Mangrove forests are both beautiful and mysterious and they are home to a wide range of special creatures.

One special creature sailed in through the mangroves this week, my good friend Bernadette. Bern sailed her dingy, 'Pookie' from Mourilyan Harbour on a light breeze to arrive in the Johnstone on a making tide with a good dose of sunburn. Bern has her dingy all set up for a quick getaway when she can.

Several cases of Ciguatera fish poisoning, CFP, have occurred in Innisfail recently. As a remote area nurse Bern is all to familiar with ciguatera fish poisoning and I myself have had three run-ins with the toxin and know never to eat large fish, particularly large mackerel as they are more often affected with the toxin at this time of the year. I am also aware that the toxin remains in my system and the next time I eat affected fish there might be a very poor outcome.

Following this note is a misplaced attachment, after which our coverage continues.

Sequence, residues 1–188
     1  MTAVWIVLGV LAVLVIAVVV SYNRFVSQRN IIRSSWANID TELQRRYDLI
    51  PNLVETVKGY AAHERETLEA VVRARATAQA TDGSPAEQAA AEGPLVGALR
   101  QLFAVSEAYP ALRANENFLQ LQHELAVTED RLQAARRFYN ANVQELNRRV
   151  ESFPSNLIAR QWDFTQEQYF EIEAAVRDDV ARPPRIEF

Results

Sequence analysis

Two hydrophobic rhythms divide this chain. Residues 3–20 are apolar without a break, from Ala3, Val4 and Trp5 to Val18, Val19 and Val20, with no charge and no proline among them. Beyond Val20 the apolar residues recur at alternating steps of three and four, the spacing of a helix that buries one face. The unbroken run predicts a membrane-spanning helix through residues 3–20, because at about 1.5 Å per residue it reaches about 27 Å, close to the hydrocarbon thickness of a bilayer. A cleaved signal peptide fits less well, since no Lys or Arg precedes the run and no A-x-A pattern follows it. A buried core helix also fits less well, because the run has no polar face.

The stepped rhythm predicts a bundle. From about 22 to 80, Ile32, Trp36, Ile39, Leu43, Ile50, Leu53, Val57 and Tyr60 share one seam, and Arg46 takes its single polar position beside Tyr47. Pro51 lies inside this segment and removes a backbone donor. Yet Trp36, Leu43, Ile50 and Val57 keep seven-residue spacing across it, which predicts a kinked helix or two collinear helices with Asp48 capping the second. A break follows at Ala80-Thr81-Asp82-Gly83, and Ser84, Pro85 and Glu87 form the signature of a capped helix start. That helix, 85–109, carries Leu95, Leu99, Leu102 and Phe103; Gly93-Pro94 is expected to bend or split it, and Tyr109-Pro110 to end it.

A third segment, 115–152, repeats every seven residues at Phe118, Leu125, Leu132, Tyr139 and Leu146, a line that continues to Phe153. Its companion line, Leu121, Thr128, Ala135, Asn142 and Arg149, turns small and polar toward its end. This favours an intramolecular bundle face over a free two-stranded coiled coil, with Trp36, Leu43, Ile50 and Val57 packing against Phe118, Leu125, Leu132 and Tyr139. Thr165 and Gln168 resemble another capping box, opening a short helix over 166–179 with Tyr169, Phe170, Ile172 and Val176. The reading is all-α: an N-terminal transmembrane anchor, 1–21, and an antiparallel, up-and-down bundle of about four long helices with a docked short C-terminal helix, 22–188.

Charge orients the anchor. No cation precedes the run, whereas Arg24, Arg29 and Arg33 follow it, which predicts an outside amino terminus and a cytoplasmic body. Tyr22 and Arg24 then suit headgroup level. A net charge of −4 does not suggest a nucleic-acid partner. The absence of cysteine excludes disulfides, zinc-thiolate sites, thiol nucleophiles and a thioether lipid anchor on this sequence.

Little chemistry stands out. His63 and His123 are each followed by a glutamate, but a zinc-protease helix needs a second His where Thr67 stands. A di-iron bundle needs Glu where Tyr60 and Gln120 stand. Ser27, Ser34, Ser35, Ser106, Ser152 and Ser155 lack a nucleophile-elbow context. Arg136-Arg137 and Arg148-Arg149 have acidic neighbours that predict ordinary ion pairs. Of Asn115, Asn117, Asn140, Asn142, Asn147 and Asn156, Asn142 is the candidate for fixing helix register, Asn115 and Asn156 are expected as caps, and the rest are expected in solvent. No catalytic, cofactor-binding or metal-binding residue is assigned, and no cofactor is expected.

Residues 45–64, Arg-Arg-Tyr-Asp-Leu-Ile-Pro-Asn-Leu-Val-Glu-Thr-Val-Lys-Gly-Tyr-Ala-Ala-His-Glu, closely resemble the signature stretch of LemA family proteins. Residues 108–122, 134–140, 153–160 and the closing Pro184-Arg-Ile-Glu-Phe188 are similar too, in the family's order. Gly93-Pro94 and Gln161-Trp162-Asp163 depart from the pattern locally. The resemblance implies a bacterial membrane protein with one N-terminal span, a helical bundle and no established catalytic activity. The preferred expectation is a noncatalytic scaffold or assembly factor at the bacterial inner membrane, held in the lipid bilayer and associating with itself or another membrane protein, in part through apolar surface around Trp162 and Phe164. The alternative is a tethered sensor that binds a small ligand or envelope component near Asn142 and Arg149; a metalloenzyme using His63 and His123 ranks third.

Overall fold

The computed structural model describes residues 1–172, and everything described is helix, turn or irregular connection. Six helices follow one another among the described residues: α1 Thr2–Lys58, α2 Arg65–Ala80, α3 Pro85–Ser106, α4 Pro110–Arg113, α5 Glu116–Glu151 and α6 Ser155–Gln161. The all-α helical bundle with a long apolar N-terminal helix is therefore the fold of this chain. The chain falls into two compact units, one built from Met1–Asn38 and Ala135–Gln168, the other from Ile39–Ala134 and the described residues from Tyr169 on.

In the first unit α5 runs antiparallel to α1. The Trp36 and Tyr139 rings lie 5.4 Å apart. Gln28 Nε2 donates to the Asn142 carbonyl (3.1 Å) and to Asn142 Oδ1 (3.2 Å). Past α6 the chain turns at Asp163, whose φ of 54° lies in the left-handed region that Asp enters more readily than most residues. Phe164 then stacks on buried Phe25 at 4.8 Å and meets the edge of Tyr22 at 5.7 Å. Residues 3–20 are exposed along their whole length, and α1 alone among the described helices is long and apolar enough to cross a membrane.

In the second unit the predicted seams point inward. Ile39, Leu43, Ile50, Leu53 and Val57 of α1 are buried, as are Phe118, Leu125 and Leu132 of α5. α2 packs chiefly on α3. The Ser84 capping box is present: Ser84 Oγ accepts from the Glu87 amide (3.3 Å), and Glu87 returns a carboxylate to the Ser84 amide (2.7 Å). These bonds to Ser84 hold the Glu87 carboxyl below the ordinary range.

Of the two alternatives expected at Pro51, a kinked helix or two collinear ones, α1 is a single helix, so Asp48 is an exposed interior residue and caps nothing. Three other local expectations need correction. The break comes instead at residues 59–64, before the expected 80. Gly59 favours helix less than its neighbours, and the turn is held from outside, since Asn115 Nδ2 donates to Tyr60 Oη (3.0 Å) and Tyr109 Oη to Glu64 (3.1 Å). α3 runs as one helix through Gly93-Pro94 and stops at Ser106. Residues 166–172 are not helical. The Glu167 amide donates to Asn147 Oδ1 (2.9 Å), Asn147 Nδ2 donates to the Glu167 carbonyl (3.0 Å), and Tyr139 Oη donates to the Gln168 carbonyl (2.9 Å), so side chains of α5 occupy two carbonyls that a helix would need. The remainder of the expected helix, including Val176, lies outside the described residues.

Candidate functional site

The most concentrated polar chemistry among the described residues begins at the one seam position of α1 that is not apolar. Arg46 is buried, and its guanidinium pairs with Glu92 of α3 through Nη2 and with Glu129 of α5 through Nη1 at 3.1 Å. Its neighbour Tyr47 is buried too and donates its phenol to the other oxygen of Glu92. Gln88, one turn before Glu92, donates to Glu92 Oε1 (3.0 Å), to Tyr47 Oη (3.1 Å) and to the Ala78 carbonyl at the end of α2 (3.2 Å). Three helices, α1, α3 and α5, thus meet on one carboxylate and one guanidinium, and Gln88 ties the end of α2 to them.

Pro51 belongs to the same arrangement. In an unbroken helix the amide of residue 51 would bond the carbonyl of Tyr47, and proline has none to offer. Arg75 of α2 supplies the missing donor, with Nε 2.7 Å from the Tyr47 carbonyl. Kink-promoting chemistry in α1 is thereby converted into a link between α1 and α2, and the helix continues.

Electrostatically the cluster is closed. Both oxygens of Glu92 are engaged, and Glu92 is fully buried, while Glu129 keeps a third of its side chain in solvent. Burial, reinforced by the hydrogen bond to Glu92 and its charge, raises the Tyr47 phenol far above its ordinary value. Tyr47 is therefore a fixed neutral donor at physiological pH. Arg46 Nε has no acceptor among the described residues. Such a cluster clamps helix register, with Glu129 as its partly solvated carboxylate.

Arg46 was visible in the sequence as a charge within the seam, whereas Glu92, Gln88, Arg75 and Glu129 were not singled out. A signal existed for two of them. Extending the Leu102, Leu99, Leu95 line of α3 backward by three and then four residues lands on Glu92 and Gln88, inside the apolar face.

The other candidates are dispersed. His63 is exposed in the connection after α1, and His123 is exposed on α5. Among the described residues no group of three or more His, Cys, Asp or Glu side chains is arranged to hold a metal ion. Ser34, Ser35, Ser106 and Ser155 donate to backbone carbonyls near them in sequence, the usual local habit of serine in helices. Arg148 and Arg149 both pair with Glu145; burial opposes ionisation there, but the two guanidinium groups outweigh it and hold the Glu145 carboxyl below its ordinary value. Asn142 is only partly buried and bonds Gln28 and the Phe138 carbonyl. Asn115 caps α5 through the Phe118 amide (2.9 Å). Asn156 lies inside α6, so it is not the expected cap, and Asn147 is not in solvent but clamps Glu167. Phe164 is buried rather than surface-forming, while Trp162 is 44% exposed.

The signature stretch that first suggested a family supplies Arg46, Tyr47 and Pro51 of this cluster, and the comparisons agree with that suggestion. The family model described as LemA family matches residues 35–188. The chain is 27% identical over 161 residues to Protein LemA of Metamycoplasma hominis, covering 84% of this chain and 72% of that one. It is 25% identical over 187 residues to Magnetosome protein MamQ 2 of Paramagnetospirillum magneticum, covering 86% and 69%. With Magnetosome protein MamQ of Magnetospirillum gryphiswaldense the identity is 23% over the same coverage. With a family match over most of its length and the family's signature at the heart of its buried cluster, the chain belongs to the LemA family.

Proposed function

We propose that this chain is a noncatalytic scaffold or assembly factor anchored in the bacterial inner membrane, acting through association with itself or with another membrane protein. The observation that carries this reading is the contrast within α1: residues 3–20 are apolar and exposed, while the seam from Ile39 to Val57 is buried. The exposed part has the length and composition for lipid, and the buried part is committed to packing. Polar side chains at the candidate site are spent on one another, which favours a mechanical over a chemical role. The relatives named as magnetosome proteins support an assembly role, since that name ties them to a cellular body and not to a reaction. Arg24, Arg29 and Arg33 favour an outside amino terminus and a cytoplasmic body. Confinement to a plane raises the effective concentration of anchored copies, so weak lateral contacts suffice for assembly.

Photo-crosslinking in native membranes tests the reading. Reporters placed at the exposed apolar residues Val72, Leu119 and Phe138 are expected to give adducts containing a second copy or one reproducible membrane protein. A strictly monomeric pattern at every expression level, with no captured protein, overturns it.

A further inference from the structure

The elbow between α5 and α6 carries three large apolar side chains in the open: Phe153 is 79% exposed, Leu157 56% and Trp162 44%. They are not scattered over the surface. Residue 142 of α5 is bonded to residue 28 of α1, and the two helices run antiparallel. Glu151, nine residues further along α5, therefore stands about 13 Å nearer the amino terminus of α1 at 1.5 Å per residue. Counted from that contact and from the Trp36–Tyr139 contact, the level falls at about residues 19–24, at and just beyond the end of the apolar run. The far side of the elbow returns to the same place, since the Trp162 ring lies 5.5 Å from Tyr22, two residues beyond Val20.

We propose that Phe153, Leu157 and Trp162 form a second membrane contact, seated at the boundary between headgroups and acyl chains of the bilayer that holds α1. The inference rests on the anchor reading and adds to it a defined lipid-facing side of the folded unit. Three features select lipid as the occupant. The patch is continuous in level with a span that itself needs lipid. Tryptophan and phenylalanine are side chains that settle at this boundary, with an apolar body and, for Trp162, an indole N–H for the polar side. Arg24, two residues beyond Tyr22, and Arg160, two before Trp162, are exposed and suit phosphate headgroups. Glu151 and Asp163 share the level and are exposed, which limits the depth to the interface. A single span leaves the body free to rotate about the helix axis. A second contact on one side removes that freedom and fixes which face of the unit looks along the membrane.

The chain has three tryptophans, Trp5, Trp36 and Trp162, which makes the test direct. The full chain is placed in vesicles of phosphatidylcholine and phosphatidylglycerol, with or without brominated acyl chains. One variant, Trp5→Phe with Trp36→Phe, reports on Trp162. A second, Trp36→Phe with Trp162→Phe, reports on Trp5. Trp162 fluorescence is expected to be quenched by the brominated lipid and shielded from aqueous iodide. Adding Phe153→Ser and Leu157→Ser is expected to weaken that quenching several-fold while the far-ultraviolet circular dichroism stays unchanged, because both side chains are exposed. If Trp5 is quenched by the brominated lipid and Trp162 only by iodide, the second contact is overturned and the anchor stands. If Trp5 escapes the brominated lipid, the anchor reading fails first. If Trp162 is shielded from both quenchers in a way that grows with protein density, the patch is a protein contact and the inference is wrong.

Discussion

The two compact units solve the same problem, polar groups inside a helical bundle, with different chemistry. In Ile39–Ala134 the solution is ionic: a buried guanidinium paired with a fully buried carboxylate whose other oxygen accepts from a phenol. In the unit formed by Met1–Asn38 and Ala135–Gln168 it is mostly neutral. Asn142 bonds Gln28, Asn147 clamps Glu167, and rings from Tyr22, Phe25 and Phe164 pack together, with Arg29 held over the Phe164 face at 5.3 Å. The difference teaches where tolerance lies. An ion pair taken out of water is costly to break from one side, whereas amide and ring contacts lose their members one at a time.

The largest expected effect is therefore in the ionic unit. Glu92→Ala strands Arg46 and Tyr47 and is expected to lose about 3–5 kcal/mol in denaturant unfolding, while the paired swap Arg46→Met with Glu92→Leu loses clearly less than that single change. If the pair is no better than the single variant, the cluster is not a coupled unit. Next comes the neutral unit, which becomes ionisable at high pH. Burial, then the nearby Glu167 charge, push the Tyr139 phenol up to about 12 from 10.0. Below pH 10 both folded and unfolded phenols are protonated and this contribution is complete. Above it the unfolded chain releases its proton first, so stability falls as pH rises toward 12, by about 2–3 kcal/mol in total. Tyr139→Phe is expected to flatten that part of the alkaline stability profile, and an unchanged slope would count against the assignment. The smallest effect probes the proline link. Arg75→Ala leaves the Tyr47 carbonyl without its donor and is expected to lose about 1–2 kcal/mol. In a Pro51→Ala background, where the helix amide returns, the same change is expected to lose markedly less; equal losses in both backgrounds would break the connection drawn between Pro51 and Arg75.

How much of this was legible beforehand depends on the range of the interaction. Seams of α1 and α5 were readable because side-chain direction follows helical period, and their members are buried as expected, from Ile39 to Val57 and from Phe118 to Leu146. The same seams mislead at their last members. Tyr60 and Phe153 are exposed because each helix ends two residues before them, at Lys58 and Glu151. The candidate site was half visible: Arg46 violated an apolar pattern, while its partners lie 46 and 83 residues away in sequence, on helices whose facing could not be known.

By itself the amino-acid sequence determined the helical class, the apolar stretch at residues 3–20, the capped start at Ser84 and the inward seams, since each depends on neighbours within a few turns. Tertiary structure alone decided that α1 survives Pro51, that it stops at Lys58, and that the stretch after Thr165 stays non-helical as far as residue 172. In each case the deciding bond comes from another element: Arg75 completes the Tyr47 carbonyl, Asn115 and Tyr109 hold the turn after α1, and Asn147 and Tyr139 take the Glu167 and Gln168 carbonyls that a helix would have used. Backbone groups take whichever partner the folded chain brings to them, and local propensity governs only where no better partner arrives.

A friend rang me this week he had been out to the reef and brought home a good catch which he kindly gave to other members of his family. Unfortunately the fish, mackerel, were full of ciguatera and the family members became very ill. Ciguatera poisoning can be life threatening particularly if you have some underlining illness, like a heart condition or diabetes.

Although the dinoflagellate which produce the ciguatera toxin is a naturally occurring marine organism and it has been observed by the peoples of the Pacific for hundreds of years, it is thought that the organism is now more prevalent, certainly the cases of CFP reported have dramatically increased.